June 20, 2024

IMF warns favorable 2023 economic outlook in DR Congo overshadowed by ‘armed conflict’ in the East and ‘uncertainty’ in an electoral year

Managing Director Kristalina Georgieva and Director of Communications Gerry Rice conduct the IMF Managing Director Press Briefing during the 2022 Annual Meetings at the International Monetary Fund. IMF Photo/Cory Hancock 13 October 2022 Washington, DC, United States Photo ref: CH221013011.arw

The International Monetary Fund on Wednesday revised the real GDP growth in the Democratic Republic of the Congo upwards to 8.5 percent in 2022 thanks to stronger production in the mining sector, and projected that it will remain elevated in 2023.

The Fund asserted that the favorable 2023 outlook is, however, “overshadowed by heightened downside risks from an escalation of the armed conflict in the East, uncertainty in an electoral year, the continued impact of the war in Ukraine, and adverse terms-of-trade shocks.”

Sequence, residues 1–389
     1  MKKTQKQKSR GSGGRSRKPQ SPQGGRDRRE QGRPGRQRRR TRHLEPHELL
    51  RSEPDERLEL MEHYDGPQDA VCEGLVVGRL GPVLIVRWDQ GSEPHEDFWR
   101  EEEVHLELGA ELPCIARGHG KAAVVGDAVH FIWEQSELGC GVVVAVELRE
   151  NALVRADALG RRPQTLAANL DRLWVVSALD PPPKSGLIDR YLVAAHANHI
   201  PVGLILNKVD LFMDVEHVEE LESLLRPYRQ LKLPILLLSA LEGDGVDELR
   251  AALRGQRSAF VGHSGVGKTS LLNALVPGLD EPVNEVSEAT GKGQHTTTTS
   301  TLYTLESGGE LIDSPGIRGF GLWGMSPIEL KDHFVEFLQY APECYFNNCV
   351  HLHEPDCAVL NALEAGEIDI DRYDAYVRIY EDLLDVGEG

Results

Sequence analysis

“Advancing structural reforms remains crucial to sustain macroeconomic stability under a challenging environment and to support higher and more sustainable and inclusive growth,” the IMF wrote in a statement after its staff team led by Mercedes Vera Martin concluded a staff visit in Kinshasa during February 8-14, 2023, to discuss recent economic developments, the economic outlook, and progress on reforms supported by the ongoing Extended Credit Facility (ECF) arrangement.

“Preliminary data show significantly stronger real GDP growth in 2022 than previously anticipated. Growth is now estimated at 8.5 percent, as stronger-than-expected mining production (which grew at about 20 percent) more than compensated for a downward revision to non-extractive growth (to 3.2 percent from 3.9 percent),” Martin wrote.

Martin added, “Annual inflation reached 13.1 percent at end-2022 on account of higher food, energy, and transport prices. Preliminary data also suggest that the current account deficit widened in 2022, due to strong import growth and deteriorated terms of trade. Despite this deterioration, the Central Bank of Congo (BCC) has reported gross international reserves at US$4.6 billion, about $300 million above the previous projection. The 2022 overall fiscal balance is estimated to have deteriorated as spending increased to address the security situation and arrears repayments.